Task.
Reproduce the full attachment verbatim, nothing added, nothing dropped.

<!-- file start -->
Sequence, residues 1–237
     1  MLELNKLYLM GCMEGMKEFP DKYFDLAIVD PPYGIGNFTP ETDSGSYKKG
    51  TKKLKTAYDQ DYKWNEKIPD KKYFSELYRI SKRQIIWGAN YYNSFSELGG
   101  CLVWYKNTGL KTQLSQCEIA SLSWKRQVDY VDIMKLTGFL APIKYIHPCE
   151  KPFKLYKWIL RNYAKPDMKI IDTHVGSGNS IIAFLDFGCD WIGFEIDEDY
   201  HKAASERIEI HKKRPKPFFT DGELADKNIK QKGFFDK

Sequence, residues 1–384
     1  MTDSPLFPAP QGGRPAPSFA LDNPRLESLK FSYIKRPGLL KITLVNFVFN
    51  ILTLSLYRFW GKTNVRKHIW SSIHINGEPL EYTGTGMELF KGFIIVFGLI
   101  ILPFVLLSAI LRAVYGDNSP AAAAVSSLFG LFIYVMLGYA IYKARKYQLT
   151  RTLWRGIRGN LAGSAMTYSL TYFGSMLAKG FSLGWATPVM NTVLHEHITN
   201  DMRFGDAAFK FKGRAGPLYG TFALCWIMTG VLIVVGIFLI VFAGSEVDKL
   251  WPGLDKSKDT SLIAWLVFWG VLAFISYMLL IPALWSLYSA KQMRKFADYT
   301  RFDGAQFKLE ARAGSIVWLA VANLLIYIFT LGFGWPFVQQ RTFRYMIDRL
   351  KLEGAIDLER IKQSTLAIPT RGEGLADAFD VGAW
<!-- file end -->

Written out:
Sequence, residues 1–237
     1  MLELNKLYLM GCMEGMKEFP DKYFDLAIVD PPYGIGNFTP ETDSGSYKKG
    51  TKKLKTAYDQ DYKWNEKIPD KKYFSELYRI SKRQIIWGAN YYNSFSELGG
   101  CLVWYKNTGL KTQLSQCEIA SLSWKRQVDY VDIMKLTGFL APIKYIHPCE
   151  KPFKLYKWIL RNYAKPDMKI IDTHVGSGNS IIAFLDFGCD WIGFEIDEDY
   201  HKAASERIEI HKKRPKPFFT DGELADKNIK QKGFFDK

Sequence, residues 1–384
     1  MTDSPLFPAP QGGRPAPSFA LDNPRLESLK FSYIKRPGLL KITLVNFVFN
    51  ILTLSLYRFW GKTNVRKHIW SSIHINGEPL EYTGTGMELF KGFIIVFGLI
   101  ILPFVLLSAI LRAVYGDNSP AAAAVSSLFG LFIYVMLGYA IYKARKYQLT
   151  RTLWRGIRGN LAGSAMTYSL TYFGSMLAKG FSLGWATPVM NTVLHEHITN
   201  DMRFGDAAFK FKGRAGPLYG TFALCWIMTG VLIVVGIFLI VFAGSEVDKL
   251  WPGLDKSKDT SLIAWLVFWG VLAFISYMLL IPALWSLYSA KQMRKFADYT
   301  RFDGAQFKLE ARAGSIVWLA VANLLIYIFT LGFGWPFVQQ RTFRYMIDRL
   351  KLEGAIDLER IKQSTLAIPT RGEGLADAFD VGAW